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         Database Management
              System
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               อ.เจษฎาภรณ์ มะลิหอม
               Jassadaporn Malihom

         E-mail : Jase@thaiengineering.com




1/2543              Database Management System   2
                คาอธิบายรายวิชา
     ความรู ้เกี่ยวกับระบบฐานข้อมูล การประยุกต์ Link listed
ความสัมพันธ์ระหว่างRecord ในฐานข้อมูล การใช้ Key มากกว่า
1 Key ในการประมวลผล รู ปแบบRelation ระบบ Hierarchy
และระบบ Network การป้ องกันข้อมูล ระบบการสารองข้อมูล
และการเรี ยกคืน การวิเคราะห์ออกแบบข้อมูลการบริ หารข้อมูล


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         Text Book :
         Peter Rob Carlos Coronel (1997)
         Database Systems
         Design, Implementation, and Management
         Reference :
         C.J. Date
         An Introduction to Database System

         Raghu Ramakrishnan (1998)
         Database Management Systems

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         Course Outline :
         I. Database Concept
                1. Introducing the database
                2. A file system Critique
                3. Database System
                4. Database Models
         II. The Relational Database Model
                1. A logical view of data
                2. Keys
                3. Integrity Rule Revisited
                4. Relational Database Operator
                5. Relational Database Classification
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                                 Within the Relational Database
                6. RelationshipDatabase Management System         5
         Course Outline :
         III. Entity Relationship (E-R) Modeling
                  1. Basic Modeling Concepts
                  2. Data Models : Degree of abstraction
                  3. The Entity Relationship (E-R) Model
                  4. Developing an E-R Diagram
         IV. Normalization of Database Table
                  1. Database Table and Normalization
                  2. Normalization and Database Design
         V. Database Design
                  1. Information system
                  2. The Systems Development Life Cycle (SDLC)
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                  3. The Database Life Cycle (DBLC)
                                Database Management System       6
 File Systems and Database


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         Chapter Objectives

           Understand   characteristics of a file system
           Understand   advantages of using a database
           Understand   characteristics of database system
           Understand   basic database concepts
           Understand   three different types of database models



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         Chapter Overview
            1.1 Introducing the Database
            1.2 The Historical Roots of the
                Database : Files and File Systems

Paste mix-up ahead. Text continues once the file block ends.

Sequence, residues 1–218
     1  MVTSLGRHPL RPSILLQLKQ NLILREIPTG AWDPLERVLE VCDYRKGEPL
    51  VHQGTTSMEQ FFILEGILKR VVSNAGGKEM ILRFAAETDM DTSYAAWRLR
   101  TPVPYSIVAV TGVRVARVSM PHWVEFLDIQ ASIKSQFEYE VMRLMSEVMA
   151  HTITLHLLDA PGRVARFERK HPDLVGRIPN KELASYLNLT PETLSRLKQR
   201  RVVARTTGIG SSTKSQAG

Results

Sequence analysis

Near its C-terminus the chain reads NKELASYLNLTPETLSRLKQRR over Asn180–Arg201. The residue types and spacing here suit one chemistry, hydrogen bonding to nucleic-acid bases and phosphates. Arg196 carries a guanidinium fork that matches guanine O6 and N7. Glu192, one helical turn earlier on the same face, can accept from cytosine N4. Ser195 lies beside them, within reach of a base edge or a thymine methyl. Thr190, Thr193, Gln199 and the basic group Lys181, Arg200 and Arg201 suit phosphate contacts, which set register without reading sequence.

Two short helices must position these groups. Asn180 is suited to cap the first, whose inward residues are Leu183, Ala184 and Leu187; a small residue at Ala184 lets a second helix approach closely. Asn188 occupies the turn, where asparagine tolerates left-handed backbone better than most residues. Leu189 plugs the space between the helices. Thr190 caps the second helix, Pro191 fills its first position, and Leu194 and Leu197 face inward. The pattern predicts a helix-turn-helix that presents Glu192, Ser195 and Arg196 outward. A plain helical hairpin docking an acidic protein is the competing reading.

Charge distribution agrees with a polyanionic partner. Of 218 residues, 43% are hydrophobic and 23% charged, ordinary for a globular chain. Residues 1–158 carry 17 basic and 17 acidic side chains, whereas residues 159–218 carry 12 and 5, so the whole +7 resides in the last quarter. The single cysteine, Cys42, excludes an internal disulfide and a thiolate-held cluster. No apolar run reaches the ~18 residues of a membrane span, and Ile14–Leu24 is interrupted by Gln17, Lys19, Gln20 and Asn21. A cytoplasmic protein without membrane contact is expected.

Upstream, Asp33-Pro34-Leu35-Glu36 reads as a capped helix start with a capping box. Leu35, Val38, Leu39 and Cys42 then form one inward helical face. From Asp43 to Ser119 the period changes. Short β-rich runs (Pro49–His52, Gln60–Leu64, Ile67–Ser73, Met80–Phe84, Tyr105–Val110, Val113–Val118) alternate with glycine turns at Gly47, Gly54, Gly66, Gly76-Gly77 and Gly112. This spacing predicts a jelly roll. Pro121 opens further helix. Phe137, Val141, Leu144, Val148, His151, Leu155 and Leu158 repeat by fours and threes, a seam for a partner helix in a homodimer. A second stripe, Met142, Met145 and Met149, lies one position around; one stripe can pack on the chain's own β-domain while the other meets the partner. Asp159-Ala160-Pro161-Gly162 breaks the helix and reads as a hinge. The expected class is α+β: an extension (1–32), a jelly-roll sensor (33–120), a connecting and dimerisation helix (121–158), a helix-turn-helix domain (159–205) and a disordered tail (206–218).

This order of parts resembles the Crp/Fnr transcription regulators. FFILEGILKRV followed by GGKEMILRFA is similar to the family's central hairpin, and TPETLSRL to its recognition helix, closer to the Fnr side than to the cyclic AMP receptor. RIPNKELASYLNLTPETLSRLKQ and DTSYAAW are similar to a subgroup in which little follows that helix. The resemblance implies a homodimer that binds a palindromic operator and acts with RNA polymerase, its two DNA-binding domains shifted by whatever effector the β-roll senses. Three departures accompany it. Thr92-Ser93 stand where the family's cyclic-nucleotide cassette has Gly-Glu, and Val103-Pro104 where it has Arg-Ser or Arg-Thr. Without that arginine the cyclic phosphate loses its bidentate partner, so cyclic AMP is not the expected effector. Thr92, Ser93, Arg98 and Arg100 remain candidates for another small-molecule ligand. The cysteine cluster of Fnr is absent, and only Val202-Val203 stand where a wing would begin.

1.3 A File System Critique
            1.4 Database Systems
            1.5 Database Models

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    Introducing the Database
       Major Database Concepts
         - Data (raw facts) from which the required information
           is produced.
         - Data management
           -> data collection, storage and retrieval
         - Efficient data management required the used of a
           computer database.
         - Database
           -> a shares, integrated computer structure that house a
           collection of : End user data & Metadata
         - Metadata (data about data)-data characteristic,relationship
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         - Database management system System
                                Database Management
                                                    (DBMS)               10
         Introducing the Database
         A DBMS is a software package designed to store
           and manage database
         Why Use a DBMS?
           - Data independence and effcient access.
           - Reduced application development time.
           - Data integrity and security.
           - Uniform data administration
           - Concurrent access, recovery from crashes.
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     Introducing the Database
     Importance of DBMS
         - It help make data management more efficient and effective
         - Its query language allows quick answers to and ad hoc
            queries.
         - It provides and users better access to more and better-
            managed data.
         - It promotes an integrated view of organization’s operations--
           ‚big picture‛. (much easier to see how action in one segment
            of company will affect other segments)
         - It reduces the probability of inconsistent data.
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         Data Independence
         Applications insulated from how data is
           structured and stored.
         Logical data independence : Protection
           from changes in logical structure of data.
         Physical data independence : Protection
           from changes in physical structure of data.

         One of the most important benefits of using a DBMS!
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         Concurrency Control
         Concurrent execution of user program is essential
            for good DBMS performance.
            - Because disk accesses are frequent, and relatively
               Slow, it is important to keep the cpu humming by
               working on several user programs concurrently